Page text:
Author’s Note: My friend and business partner, Don Judson, asked me recently if I’d seen the documentary, Pink Floyd – The Making Of The Dark Side Of The Moon. I hadn’t. But I fixed that this past weekend. Don and the film prompted this reflection.
Pink Floyd’s eighth studio album, The Dark Side of the Moon, was released on March 1, 1973. I was 19 years old. I lived in a fleabag, third-floor, walk-up apartment on Goodwill Avenue in Meriden, Connecticut, my hometown.
That summer, my third as a lifeguard, a long-haired stoner (as was I) who lived in a fleabag, third-floor, walk-up apartment across the street, played The Dark Side of the Moon loudly and constantly. I was grateful because as long as neither of us moved — and as long as both of us kept our windows open — I wouldn’t have to buy the album. I don’t know what the going rate for lifeguards is today. But in 1973, being a lifeguard, even the head guard at Beaver Pond, wasn’t a high-paying gig.
One morning (I didn’t have to be on duty until 1:00 p.m.), there was a knock at my door. When I went to answer it, the stoner was standing there. We greeted each other, and I asked what I could do for him.
“Oh, hey, man,” he said, sounding for all the world like Tommy Chong. “Could I borrow an egg?”
“You don’t have to borrow it,” I replied. “You can keep it. Is one enough? I have plenty more if you need them.”
“Oh, no, man. It’s not for me,” the stoner said with a look on his face that suggested he thought I was as high as he was. (I wasn’t, at least not right then.)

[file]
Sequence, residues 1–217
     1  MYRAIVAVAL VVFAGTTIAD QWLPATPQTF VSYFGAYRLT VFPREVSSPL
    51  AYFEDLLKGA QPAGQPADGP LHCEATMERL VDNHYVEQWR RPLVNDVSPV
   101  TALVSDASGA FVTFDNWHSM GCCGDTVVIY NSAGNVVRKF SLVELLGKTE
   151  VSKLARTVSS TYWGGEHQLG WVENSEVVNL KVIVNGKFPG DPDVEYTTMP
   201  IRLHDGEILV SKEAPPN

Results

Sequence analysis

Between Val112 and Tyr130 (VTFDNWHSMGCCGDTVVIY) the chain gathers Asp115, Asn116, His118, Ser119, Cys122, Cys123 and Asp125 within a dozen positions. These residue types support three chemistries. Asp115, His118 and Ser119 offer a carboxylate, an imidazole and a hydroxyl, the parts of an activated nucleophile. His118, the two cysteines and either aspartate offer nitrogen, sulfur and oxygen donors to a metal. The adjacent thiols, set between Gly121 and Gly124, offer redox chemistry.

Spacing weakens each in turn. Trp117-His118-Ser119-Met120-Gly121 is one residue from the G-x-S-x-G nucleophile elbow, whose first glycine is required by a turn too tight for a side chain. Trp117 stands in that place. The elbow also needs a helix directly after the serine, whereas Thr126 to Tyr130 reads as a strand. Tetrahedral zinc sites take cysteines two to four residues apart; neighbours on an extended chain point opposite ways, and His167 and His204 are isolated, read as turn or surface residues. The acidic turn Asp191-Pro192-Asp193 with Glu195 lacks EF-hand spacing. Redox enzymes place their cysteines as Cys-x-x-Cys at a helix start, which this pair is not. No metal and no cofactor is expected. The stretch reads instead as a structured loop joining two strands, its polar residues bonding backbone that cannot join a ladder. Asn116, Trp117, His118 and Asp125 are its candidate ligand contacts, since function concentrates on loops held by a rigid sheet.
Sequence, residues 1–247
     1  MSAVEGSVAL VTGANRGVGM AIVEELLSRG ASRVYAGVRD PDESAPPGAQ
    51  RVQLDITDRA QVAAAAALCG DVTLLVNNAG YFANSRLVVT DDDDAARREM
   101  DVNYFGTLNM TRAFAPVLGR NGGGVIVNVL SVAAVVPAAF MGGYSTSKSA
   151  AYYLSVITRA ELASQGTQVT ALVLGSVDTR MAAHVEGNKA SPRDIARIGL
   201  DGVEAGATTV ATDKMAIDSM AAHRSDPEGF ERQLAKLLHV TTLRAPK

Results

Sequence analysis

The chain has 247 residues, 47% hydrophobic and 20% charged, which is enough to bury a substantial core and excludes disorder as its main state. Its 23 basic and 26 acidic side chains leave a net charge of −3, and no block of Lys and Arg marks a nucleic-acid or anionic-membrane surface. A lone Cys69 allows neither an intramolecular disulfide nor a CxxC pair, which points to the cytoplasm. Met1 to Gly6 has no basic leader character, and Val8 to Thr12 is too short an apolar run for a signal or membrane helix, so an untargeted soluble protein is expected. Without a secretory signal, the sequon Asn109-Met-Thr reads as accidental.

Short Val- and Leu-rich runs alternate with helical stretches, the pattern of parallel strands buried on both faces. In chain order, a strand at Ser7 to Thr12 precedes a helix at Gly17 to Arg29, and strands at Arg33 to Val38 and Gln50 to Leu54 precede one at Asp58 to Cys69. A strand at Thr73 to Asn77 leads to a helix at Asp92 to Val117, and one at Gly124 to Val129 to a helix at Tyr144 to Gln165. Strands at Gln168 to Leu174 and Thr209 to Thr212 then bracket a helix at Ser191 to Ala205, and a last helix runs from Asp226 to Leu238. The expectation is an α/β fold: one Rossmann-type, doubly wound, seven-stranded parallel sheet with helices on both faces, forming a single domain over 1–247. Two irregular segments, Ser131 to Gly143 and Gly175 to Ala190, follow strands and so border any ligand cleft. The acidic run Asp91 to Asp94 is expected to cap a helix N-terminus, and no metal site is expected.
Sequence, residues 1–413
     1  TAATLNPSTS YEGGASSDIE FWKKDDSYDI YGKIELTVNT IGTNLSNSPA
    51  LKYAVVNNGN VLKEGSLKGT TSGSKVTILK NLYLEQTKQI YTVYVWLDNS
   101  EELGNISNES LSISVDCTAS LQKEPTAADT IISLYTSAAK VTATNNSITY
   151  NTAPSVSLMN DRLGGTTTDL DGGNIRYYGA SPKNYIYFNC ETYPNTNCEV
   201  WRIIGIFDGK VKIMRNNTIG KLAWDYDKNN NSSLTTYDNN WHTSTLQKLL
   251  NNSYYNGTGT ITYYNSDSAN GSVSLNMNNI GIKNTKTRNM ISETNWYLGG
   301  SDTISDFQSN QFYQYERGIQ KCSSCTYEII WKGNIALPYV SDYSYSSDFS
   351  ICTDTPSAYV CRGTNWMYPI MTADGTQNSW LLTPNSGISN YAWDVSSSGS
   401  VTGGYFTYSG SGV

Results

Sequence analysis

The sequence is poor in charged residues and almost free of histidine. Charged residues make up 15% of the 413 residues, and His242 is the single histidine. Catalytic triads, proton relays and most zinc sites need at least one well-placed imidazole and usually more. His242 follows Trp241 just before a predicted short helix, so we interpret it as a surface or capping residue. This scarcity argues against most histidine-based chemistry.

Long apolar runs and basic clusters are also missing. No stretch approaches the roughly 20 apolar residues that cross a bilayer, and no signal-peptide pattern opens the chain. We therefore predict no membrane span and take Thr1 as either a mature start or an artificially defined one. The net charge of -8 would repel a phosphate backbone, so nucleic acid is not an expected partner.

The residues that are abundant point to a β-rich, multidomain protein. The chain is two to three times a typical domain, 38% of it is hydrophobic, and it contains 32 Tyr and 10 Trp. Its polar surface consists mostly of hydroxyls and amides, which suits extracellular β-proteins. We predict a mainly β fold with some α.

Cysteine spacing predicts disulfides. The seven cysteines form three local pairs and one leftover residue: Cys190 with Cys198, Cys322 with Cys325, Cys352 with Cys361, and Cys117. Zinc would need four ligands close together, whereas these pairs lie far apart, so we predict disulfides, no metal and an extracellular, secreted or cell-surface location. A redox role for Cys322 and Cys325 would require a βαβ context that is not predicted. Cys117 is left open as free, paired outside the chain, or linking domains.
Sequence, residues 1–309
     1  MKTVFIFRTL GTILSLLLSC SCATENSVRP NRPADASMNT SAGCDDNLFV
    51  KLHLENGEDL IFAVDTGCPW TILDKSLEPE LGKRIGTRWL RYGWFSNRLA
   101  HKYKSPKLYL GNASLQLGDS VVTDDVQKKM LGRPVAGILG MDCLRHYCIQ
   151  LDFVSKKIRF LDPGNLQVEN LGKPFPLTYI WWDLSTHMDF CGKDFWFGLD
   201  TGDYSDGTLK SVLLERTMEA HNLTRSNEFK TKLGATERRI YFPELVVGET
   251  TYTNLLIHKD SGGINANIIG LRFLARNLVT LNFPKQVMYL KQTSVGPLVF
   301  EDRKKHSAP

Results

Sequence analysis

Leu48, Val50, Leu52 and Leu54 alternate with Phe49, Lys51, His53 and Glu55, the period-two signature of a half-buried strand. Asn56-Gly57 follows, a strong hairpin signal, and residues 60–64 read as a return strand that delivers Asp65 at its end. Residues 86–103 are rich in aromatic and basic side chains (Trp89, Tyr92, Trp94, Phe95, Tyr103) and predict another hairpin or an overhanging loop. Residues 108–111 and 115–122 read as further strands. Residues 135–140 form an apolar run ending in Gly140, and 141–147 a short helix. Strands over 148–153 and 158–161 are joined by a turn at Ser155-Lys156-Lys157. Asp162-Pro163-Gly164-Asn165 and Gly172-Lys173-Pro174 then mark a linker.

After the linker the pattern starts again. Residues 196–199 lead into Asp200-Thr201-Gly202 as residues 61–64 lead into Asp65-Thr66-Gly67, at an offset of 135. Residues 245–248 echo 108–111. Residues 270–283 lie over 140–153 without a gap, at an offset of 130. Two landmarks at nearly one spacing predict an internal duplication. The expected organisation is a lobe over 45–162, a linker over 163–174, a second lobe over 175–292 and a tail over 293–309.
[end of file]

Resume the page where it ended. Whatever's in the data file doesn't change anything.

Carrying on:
“Okay,” I said. “Then who is it for?”
“It’s for my lizard, man.”
Don’t Go Back
Given the era in which I grew up, I was duty-bound, of course, to do my share of psychedelic drugs and then some. And I readily admit that, with the exception of a few bad trips, I thoroughly enjoyed every moment of it. But as much as I enjoyed it, I never lost the keen awareness that I was experimenting. I was doing what I was doing for the experience of doing it. I was doing it for the same reason I got tattoos later in my life. I didn’t want to wonder what doing those things was like. I wanted to know.
I have no idea what happened to my friend with the lizard. I hope he turned out okay. I have other friends from those days who didn’t turn out okay. Some of them ended up burning themselves out. Some of them didn’t turn out at all.
One time when I was in my forties, I was visiting a friend. He asked me if I wanted to drop some LSD. I said, “I don’t know about you, but I made it to my forties so I wouldn’t have to be curious about that stuff anymore. I’m not. Thank you. No.”
When he finally discovered he wasn’t Peter Pan, he killed himself.
There are times at which I dearly miss the dark side. But I have no desire to go back.